Green River Star -

By Brie Blasi
Green River Historic Preservation Commission 

Downtown businesses host memories in Sweetwater Co.

 

Photo courtesy of Robert Hadley.

Park Grill chef George Hadley poses in front of the Park Hotel in Rock Springs with George Wadlow, the tallest man in the world, in the late 1930s.

Each time a business closes downtown, people tend to reminisce about all the good times they had there. This is especially true for restaurants because these tend to be places where people linger long after the meals are finished, while they socialize and make connections. Restaurants are where we have memorable special events like birthday parties and wedding receptions. Like an extension of the dinner table where family comes together, restaurants serve not only food but also community links. We have been lucky to have a few wonderful new restaurants arrive in downtown Green River in the last several months, but we also said a sad farewell to a longtime downtown eatery. As people reminisce about the special times they had in this particular business, it reminds us how seated our memories are in the places we spend our lives, even if they only existed there for a short while.

One of these short-lived but memorable businesses occupied a prime spot on Flaming Gorge Way between 1943 and 1945. Located where Mi Casita restaurant is today, it sat across from the post office (Sweetwater County Museum) and was nestled in between the Green River Merc/Piggly Wiggly grocery store (Tolly's Coffee) and Moedl's Drugs (Mast Lounge). In this location, chef and family man George Hadley found an ideal spot to start his own business, the Hadley Café.

George Hadley was born in New York City August, 1882. After leaving New York to train as a chef in France and Germany, Hadley returned to the U.S. and began a long career of preparing delicious meals for people in various locals. After arriving in Colorado, he met his soon-to-be wife, Della, whom he married in 1926. Together, they came to Wyoming and had three sons, Ray, Robert, and Russell. For several years, George worked as the chef at the Park Grill. This fine eatery was on the main floor of the Park Hotel, which once hosted all manner of guests arriving at the nearby railroad passenger station including Nellie Tayloe Ross, Wyoming's 14th governor from 1925-1927 and the first female governor in the United States.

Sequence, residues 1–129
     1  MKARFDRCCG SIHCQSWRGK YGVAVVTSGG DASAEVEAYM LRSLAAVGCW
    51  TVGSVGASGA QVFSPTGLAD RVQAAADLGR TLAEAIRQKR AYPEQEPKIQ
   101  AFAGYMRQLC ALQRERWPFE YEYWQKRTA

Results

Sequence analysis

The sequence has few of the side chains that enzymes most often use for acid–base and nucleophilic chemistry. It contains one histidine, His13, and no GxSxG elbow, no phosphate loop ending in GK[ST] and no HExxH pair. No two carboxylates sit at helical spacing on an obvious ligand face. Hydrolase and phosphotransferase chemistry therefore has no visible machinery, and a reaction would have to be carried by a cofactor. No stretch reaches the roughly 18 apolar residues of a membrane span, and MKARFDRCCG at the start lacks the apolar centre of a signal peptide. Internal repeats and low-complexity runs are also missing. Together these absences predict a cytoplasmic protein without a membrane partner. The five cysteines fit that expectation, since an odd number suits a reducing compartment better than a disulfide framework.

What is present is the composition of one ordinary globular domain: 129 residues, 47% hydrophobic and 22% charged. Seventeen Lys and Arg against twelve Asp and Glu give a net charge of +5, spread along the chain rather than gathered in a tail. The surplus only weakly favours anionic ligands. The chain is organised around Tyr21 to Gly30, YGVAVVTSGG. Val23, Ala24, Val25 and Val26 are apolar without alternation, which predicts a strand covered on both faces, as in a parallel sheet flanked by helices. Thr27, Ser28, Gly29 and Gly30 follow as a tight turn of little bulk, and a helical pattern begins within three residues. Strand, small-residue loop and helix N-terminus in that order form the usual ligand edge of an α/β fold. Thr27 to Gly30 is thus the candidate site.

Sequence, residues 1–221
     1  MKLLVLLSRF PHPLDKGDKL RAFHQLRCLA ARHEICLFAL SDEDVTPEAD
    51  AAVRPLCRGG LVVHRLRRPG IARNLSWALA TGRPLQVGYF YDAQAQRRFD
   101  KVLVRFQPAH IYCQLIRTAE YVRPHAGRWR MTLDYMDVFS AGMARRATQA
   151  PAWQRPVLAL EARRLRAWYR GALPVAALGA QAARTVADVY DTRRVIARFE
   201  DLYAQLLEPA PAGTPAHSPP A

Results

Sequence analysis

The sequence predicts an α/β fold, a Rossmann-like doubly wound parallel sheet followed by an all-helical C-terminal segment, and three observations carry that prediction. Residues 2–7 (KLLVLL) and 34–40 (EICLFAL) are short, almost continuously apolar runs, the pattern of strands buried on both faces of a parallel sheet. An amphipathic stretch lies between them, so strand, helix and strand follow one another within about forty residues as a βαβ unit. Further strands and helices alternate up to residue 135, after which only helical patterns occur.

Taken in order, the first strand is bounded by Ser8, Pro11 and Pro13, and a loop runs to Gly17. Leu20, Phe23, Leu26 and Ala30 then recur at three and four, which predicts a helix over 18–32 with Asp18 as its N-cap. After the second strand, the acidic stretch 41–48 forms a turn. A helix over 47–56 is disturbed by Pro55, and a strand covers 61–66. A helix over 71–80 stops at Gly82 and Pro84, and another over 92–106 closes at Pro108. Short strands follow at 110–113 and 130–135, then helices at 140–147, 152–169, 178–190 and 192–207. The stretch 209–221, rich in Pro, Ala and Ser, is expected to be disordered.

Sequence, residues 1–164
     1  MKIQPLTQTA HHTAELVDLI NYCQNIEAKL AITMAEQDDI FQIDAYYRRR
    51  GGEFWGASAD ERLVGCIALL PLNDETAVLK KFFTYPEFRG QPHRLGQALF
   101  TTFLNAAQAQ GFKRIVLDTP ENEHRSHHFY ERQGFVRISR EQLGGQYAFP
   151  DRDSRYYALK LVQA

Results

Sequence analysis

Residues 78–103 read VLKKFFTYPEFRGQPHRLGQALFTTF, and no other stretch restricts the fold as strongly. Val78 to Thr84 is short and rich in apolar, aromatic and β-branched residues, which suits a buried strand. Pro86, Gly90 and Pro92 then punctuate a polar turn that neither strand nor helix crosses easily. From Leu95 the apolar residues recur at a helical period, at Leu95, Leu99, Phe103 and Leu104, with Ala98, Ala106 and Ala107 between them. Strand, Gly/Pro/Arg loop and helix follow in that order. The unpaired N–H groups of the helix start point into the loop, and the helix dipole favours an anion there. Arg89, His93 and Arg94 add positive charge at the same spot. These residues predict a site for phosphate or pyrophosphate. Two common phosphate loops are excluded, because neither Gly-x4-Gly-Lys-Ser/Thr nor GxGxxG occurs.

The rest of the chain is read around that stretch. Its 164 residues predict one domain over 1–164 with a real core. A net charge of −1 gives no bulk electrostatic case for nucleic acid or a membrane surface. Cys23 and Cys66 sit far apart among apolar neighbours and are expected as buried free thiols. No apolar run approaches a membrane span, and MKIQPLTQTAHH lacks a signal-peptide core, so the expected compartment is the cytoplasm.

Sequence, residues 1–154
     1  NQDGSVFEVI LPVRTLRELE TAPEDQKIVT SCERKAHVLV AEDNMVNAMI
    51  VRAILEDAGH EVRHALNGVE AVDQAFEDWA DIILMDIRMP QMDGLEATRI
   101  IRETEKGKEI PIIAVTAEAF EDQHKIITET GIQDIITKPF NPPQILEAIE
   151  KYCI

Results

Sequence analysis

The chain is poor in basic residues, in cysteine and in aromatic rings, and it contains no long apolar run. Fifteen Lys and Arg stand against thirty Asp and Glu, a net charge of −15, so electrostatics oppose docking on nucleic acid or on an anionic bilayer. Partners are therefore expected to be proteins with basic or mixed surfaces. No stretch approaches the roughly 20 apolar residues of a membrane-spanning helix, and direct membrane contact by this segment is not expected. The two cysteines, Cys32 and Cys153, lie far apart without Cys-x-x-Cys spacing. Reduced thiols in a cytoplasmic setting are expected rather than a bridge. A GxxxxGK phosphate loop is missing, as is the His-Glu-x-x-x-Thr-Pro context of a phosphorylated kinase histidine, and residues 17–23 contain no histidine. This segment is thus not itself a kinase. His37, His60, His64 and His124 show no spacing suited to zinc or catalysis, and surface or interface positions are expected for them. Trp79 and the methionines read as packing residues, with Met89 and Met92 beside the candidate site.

George was working at the Park Grill in the late 1930s when another cause célèbre made the Park Hotel his temporary home, Robert Pershing Wadlow. Wadlow was something of a sensation during his short life due to a condition, hyperplasia, which causes high levels of growth hormones. Born in 1918, he stood 6 feet tall by the age of 8. At the time of death in 1940, he stood 8 feet, 11 inches tall. He officially remains to this day the tallest person ever recorded.

Known as the Giant of Illinois and also the Gentle Giant due to his pleasant disposition, Wadlow became famous when he began traveling with the Ringling Brothers Circus in 1936. He went on to do paid promotional tours and make independent public appearances until his death from an infection at the age of 22.

During one of his public appearance tours, Wadlow stopped in Rock Springs where Hadley had his photograph taken with him. Hadley poses in his chef's uniform and Wadlow's head brushes the awning of the Park Hotel entrance. Both look as though they enjoyed each other's company.

A few years after this encounter with the tallest man in the world, Hadley and his family moved to Green River to open a café. The Green River Star reported in the July 23, 1943 edition Hadley was opening a new restaurant decked out with both traditional café seating and a large dining room for private parties in the old Meadow Brook dairy building. Having been fully remodeled in the western style by Ida Grundell, the newspaper boasted that Hadley's café had "one of the most attractive interiors in the state."